Because the voters of Portland voted in favor of the Fixing Our Streets local gas tax, and this project was on the list. Along with many many other projects, including neighborhood greenways and other improvements in East Portland.

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    • Shoupian February 7, 2018 at 3:15 pm

      The 20s Bikeway actually took about 7 years to finish after funding came for the project (https://bikeportland.org/2017/08/24/pbot-officially-opens-the-nine-mile-4-5-million-20s-bikeway-239976). Greenways really work best when there is a grid system of local streets. And the grid is much more complete in inner Portland. The lack of connectivity in East Portland makes implementing greenways much more challenging. East Portland certainly needs lot more investment, but there are legitimate limitations for greenways in East Portland.

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  • Zuckerdog February 7, 2018 at 3:06 pm

    Rob Sinnott
    More great news! 9th makes more sense through the Lloyd because it’s a much wider route (currently 4 car lanes) and could accommodate a huge buffered bike lane. It also doesn’t have street car lines (unlike 7th). 7th makes more sense north of Tillamook as 9th becomes narrower and steeper as it approaches Knott, ultimately dead-ending at Irving Park. I wonder if a combined approach would work, with the NE Tillamook bikeway/greenway connecting 7th and 9th. Best of both worlds, perhaps?As others have mentioned, we’ll definitely need strategically placed diverters. Neighbors and cyclists in that area are justifiably concerned with the huge amounts of MLK traffic already diverting onto residential streets.Recommended 0

    Agree with Rob’s assessment. Used to make this commute. 7th is also a better route north of tillamook because it has better pavement for a more comfortable experience

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  • Trebor February 7, 2018 at 3:19 pm

    NE 7th needs diverters even if it weren’t a greenway candidate. I’ve never been able to fathom why an otherwise pokey neighborhood street that is all of two blocks from MLK merits signalized intersections with virtually every arterial that it crosses. It is a magnet for aggressive, cut-through traffic. It would also make an outstanding greenway.

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  • SD February 7, 2018 at 5:48 pm

    I bet most people will still use 7th for cycling if 9th becomes a greenway.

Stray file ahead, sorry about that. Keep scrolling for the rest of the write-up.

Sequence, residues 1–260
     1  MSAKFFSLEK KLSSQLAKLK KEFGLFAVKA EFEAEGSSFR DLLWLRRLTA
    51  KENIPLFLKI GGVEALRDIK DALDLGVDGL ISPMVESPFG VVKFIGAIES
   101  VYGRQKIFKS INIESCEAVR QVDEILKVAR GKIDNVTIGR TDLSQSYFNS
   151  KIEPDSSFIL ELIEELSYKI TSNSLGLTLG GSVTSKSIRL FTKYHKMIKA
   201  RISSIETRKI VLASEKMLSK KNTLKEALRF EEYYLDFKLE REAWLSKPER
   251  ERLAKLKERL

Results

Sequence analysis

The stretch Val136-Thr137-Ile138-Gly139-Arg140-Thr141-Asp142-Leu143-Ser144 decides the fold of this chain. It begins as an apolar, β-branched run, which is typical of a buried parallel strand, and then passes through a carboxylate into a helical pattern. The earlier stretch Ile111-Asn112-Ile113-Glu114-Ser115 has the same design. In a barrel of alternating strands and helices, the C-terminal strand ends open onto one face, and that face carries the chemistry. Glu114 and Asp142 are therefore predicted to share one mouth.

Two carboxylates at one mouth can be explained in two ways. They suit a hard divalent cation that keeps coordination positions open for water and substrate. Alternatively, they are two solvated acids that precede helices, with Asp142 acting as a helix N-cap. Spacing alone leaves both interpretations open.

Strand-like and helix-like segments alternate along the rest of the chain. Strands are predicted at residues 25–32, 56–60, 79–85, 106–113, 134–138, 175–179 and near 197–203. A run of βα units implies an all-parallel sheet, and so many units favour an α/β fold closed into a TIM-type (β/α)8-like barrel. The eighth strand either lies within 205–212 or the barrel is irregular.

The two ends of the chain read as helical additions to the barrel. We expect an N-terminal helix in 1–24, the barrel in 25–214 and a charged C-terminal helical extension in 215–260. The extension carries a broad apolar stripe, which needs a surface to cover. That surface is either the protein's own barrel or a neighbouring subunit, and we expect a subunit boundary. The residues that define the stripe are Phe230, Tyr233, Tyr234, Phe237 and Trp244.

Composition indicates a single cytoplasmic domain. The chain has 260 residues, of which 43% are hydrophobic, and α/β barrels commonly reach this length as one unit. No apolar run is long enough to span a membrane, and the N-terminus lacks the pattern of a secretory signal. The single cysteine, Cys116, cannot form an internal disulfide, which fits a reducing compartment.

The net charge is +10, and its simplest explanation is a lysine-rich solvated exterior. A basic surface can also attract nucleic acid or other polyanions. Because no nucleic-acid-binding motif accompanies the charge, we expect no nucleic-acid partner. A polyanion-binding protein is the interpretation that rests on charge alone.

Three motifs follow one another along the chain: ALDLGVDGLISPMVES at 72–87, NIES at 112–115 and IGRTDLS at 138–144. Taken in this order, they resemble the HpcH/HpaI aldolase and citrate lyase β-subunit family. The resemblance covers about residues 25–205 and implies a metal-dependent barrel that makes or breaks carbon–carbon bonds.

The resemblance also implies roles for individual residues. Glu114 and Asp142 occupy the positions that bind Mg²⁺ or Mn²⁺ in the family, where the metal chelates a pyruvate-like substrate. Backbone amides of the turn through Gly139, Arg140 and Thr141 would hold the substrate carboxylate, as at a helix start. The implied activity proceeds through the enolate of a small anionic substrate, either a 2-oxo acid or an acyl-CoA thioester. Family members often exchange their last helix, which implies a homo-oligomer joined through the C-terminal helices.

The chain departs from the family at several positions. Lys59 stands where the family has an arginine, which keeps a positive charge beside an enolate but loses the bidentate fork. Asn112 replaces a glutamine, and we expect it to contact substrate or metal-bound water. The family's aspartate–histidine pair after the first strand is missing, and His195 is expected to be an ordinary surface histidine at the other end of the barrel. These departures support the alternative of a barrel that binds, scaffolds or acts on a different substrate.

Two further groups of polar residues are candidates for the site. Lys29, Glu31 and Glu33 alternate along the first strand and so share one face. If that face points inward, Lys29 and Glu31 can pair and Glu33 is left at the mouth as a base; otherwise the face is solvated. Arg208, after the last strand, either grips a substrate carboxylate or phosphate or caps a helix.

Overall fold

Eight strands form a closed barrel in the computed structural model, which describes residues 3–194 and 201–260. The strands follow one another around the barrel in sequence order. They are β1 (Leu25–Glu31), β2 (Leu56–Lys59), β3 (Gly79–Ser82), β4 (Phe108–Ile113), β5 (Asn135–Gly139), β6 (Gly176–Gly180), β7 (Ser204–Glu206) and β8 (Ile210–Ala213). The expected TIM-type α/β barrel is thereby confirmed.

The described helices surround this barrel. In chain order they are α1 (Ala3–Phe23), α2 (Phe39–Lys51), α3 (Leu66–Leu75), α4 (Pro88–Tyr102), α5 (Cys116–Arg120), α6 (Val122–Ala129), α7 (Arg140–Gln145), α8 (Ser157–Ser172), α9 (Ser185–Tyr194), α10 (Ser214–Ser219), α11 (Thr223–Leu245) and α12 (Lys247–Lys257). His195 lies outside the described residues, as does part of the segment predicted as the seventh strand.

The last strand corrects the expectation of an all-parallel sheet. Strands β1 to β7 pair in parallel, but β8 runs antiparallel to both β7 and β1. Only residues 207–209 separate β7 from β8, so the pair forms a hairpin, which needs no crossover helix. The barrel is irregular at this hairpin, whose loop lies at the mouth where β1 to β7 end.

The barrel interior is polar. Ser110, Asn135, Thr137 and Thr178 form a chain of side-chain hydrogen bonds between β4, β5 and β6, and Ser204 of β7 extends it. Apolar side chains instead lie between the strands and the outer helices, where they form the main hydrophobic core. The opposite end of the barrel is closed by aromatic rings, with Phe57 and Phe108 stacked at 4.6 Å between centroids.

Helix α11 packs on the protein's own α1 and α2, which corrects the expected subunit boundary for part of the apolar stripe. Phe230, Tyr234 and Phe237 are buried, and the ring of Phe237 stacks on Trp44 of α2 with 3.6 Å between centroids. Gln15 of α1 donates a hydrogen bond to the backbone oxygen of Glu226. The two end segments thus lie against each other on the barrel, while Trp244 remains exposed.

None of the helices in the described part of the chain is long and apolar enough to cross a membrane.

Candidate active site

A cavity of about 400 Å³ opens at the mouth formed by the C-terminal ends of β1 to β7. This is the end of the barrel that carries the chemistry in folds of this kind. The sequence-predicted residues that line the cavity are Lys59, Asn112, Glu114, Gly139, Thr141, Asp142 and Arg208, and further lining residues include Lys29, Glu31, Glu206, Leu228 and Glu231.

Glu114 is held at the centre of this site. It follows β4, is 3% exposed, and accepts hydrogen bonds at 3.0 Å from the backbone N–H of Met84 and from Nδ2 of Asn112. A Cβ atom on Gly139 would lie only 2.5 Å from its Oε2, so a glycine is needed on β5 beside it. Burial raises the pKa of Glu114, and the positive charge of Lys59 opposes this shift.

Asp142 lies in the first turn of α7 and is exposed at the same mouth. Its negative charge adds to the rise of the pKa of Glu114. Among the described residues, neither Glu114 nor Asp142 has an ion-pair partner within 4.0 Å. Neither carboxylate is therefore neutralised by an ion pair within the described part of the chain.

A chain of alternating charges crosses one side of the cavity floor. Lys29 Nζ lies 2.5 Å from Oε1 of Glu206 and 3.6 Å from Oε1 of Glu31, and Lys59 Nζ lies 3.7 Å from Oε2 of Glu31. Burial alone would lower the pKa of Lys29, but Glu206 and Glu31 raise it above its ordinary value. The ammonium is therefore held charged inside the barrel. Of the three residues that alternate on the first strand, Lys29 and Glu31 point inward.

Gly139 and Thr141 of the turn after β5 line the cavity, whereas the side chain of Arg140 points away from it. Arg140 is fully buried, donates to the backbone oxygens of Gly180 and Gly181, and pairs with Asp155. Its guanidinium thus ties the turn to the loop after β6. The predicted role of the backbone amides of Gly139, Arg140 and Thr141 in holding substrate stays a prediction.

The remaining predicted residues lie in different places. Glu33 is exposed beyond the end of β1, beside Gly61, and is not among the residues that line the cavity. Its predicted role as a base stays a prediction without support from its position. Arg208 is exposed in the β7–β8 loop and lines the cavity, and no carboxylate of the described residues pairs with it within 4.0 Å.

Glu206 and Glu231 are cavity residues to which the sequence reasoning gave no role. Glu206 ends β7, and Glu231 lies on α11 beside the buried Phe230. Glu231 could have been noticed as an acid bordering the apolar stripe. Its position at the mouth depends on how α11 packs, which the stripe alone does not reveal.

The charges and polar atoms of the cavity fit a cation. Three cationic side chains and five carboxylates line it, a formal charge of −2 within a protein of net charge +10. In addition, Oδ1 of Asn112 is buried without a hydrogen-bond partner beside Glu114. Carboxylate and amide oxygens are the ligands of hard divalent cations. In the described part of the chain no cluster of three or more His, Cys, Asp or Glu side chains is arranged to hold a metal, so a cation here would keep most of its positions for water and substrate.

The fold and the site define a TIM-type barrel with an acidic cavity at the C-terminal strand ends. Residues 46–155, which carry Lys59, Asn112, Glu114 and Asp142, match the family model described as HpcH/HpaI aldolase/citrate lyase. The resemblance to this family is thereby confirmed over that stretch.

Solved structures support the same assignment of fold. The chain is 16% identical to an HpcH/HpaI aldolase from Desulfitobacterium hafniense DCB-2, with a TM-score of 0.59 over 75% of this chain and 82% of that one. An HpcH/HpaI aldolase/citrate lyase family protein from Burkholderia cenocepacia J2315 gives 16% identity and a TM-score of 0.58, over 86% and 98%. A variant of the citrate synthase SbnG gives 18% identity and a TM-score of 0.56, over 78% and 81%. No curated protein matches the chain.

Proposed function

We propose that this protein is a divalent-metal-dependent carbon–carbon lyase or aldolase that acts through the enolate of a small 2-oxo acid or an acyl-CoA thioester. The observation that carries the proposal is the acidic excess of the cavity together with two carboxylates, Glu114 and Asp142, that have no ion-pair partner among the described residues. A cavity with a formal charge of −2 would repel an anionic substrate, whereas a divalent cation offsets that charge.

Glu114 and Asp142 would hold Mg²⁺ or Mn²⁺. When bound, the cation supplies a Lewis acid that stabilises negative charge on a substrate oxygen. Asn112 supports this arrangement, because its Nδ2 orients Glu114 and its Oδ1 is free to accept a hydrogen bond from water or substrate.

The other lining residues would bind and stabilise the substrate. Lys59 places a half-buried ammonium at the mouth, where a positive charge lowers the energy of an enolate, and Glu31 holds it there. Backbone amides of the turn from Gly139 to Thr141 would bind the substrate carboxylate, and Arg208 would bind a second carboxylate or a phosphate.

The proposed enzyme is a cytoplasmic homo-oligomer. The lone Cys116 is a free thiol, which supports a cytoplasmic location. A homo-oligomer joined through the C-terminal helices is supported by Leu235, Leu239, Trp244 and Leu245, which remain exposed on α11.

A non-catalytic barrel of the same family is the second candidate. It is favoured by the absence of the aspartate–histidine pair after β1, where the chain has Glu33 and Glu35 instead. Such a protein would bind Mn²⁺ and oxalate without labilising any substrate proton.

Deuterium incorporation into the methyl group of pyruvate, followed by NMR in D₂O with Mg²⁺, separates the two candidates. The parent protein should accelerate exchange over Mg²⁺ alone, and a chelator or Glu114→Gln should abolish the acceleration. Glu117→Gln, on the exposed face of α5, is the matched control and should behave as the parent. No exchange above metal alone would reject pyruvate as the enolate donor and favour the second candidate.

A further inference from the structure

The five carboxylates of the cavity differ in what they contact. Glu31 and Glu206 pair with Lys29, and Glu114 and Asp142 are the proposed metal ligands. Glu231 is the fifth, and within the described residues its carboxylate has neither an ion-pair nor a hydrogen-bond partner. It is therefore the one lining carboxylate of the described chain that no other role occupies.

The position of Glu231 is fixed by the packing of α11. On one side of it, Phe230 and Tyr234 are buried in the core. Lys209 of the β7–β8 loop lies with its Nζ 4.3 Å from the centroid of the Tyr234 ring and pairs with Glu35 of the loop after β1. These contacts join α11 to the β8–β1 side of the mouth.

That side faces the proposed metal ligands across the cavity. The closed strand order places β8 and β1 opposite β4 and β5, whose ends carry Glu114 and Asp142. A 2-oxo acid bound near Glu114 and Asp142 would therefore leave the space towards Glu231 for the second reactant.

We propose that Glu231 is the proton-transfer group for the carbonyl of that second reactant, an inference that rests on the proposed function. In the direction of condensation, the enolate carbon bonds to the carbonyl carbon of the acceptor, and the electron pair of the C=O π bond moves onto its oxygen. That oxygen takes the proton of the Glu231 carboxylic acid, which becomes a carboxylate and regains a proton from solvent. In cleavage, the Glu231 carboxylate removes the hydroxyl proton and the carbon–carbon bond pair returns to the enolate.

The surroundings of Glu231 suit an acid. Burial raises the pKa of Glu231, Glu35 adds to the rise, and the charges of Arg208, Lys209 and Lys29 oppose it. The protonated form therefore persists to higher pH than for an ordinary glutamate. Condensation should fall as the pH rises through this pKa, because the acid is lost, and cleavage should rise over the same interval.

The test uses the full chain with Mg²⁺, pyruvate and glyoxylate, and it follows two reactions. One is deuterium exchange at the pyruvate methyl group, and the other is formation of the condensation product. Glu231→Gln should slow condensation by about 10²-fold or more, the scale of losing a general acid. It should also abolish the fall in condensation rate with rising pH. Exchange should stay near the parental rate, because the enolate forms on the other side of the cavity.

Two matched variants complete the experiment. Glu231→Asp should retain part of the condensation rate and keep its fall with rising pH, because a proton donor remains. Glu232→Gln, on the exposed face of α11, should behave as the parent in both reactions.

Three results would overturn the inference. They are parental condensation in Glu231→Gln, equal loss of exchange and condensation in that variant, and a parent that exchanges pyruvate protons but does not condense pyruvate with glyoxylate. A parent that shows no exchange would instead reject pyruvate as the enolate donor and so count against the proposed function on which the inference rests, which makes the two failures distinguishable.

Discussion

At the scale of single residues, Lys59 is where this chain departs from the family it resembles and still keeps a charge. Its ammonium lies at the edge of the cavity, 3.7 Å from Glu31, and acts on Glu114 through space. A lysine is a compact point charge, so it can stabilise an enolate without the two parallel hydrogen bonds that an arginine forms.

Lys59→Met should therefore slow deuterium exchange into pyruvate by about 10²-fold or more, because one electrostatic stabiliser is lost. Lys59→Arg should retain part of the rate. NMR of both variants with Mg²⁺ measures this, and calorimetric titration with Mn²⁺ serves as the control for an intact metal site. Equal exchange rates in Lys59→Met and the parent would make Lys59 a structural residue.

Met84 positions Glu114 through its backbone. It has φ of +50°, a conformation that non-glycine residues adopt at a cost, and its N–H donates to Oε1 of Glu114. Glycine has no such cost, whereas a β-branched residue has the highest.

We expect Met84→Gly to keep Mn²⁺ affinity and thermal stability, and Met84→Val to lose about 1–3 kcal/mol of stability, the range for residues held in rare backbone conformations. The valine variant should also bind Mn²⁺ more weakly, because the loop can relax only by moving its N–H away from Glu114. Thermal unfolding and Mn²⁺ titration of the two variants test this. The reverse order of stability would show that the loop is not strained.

Besides wasting money on a greenway that won’t be used, going with 9th would be a missed opportunity to tame & reclaim a neighborhood residential street that is becoming more densely populated and will have more pedestrian crossings.

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  • Nick Fox February 7, 2018 at 8:33 pm

    Moving forward with this on 7th would be really amazing. As I testified at an open house for this years ago, we had lots of scares crossing 7th with our small cyclist due to people unwilling to stop at any of the many crosswalks. (Turns out more crosswalks ≠ more safety.) And lately for me–an adult-sized cyclist–the dogleg at Morris/7th/Siskiyou can feel pretty dicey from 4:30-6:30.

    The calming benefits would be huge for the neighborhoods on both sides and for the park and might also help make the Siskiyou greenway (especially between 7th & 15th) more rideable.

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  • Gregg February 8, 2018 at 11:42 am

    There is no Neighborhood Greenway between Rodney and the 28th/ 32nd Greenway. This north/ south stretch has been very needed for a long time (Especially for one of the highest % of commuters by bicycle in the city.) I REALLY hope that there is improved crossing at MLK- as is mentioned.

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    • maxD February 8, 2018 at 2:28 pm

      The Tillamook greenway crossing of MLK heading west really needs some help! There are now tons of cars using Tillamook between Vacouver/WIliams and MLK, and the who has the right of way at this dogleg, signalized intersection is very ambiguous! Skidmore would provide an excellent, safe crossing of MLK, especially if they connected the bike lanes on Skidmore from N Michigan to MLK

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      • Trebor February 9, 2018 at 8:51 am

        Well put. that section of Tillamook has seen a meaningful rise in cut-through auto traffic in recent years. It is much diminished as a greenway as a result.